Governor’s office received Super Bowl tickets, but did they violate state law?
PHOENIX (3TV/CBS 5) - Super Bowl 57 put Arizona on the world’s stage, but the sky-high ticket prices made it nearly impossible for average Arizonans to attend the game at State Farm Stadium in Glendale. But members of Governor Katie Hobbs’ staff received free tickets to the game, worth tens of thousands of dollars.
However, there is a state law barring elected officials and public servants from accepting them.
A state officer or state employee shall not accept an expenditure or single expenditure for entertainment from a principal, designated lobbyist, authorized lobbyist, lobbyist for compensation, public body, designated public lobbyist or authorized public lobbyist or any other person acting on that person’s behalf.
“I think the violation still applies to this statute,” Dr. Robert Collins, a political analyst at Dillard University in Louisiana, said. Collins said these type of laws are in place in many states for a simple reason. “It could be used as a form of influence peddling. Now that doesn’t necessarily mean that’s what they’re trying to do in this case. Certainly, their motives might be honest and pure and ethical,” Dr. Collins said.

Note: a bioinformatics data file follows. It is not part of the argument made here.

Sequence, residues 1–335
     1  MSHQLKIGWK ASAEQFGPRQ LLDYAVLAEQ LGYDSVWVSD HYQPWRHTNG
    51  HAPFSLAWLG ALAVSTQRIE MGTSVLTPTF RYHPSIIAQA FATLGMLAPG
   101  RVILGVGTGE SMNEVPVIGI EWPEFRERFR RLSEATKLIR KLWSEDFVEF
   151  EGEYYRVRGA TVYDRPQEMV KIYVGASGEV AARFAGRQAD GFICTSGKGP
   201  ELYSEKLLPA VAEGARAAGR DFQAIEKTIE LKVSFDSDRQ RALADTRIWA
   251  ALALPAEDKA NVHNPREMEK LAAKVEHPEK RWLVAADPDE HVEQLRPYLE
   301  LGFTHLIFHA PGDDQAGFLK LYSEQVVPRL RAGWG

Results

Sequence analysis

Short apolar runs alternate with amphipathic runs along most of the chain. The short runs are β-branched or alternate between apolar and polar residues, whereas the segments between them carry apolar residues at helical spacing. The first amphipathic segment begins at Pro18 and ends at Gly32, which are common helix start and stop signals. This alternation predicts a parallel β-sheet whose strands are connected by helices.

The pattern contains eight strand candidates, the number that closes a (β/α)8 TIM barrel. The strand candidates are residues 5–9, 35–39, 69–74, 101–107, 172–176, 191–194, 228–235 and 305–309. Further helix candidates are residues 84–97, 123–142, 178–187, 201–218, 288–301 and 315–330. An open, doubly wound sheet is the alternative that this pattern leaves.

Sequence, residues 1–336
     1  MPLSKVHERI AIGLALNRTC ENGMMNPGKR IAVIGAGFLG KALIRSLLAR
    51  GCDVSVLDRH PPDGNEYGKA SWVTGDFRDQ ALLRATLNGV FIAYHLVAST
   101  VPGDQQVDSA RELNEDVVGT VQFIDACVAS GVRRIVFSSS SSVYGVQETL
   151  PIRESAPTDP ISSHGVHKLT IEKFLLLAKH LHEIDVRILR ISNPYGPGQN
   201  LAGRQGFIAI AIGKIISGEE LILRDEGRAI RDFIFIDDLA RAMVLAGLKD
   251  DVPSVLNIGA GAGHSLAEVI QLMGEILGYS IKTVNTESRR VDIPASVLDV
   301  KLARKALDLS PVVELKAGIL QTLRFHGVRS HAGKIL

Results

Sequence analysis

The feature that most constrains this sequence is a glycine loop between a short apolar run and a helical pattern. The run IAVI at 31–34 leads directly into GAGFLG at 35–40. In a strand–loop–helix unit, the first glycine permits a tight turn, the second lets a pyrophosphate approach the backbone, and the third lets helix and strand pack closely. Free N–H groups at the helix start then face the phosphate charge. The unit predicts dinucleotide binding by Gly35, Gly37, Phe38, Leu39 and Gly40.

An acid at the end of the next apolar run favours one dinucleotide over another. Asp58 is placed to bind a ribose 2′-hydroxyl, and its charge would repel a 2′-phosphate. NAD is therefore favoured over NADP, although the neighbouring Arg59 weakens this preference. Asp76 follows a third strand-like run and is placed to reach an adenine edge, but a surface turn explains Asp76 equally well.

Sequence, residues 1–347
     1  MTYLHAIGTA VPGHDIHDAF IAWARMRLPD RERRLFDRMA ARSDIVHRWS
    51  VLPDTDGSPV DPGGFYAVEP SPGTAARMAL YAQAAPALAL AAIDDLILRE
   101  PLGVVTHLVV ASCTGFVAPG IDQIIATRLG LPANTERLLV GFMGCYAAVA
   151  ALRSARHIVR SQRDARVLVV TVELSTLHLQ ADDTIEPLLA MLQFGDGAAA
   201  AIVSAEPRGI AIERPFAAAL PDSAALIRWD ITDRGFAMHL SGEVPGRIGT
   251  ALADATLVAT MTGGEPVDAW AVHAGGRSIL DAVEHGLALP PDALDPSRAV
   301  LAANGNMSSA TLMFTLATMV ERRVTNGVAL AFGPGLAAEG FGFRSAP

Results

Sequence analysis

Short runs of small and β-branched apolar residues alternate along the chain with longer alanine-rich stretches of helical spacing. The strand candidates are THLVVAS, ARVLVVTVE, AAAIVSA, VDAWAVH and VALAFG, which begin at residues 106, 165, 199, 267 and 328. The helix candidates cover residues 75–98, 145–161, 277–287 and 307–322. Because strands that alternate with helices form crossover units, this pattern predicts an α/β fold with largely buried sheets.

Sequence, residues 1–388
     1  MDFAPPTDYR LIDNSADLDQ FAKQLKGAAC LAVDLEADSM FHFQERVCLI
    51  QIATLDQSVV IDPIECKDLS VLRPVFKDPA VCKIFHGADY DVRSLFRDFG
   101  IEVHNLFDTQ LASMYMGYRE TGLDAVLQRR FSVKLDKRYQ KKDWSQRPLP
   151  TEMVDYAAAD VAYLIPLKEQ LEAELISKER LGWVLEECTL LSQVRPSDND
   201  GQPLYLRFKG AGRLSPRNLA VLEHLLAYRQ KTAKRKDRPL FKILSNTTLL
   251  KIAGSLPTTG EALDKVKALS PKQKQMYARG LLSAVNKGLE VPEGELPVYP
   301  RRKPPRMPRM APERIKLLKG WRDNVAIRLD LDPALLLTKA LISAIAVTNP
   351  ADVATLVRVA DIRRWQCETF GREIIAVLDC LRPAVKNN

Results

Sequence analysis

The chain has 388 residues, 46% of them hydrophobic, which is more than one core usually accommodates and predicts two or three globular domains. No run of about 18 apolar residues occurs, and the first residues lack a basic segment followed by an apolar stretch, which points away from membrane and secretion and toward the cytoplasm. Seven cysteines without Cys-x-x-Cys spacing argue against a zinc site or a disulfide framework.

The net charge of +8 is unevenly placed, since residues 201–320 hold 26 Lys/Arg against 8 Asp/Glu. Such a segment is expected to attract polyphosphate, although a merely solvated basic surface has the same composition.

According to public records, the Arizona Office of Tourism gifted the Governor’s Office twelve tickets. Six of those were given to education and veterans groups, and members of Hobbs’ staff used the remaining half dozen.
“It really doesn’t matter where the tickets originated from. If the tickets originated from a private source and then went through a public body and then went to the Governor, it would still count as a gift,” Dr. Collins said.
An attorney for the Governor’s office told Arizona’s Family the law does not apply in this situation, but they declined to go on camera to explain their stance. Governor Hobbs’ office said the law doesn’t apply in this situation since the Office of Tourism doesn’t lobby the Governor’s Office. However, the statute specifically forbids public servants from taking tickets from “public bodies” and other public entities.
The previous governor, Doug Ducey, received twenty tickets to the 2015 Super Bowl in Glendale. We’re told Ducey paid face value for his ticket and distributed the remaining tickets to veterans groups. At the time, Ducey prohibited his staff from taking free tickets over concerns it was against the law.
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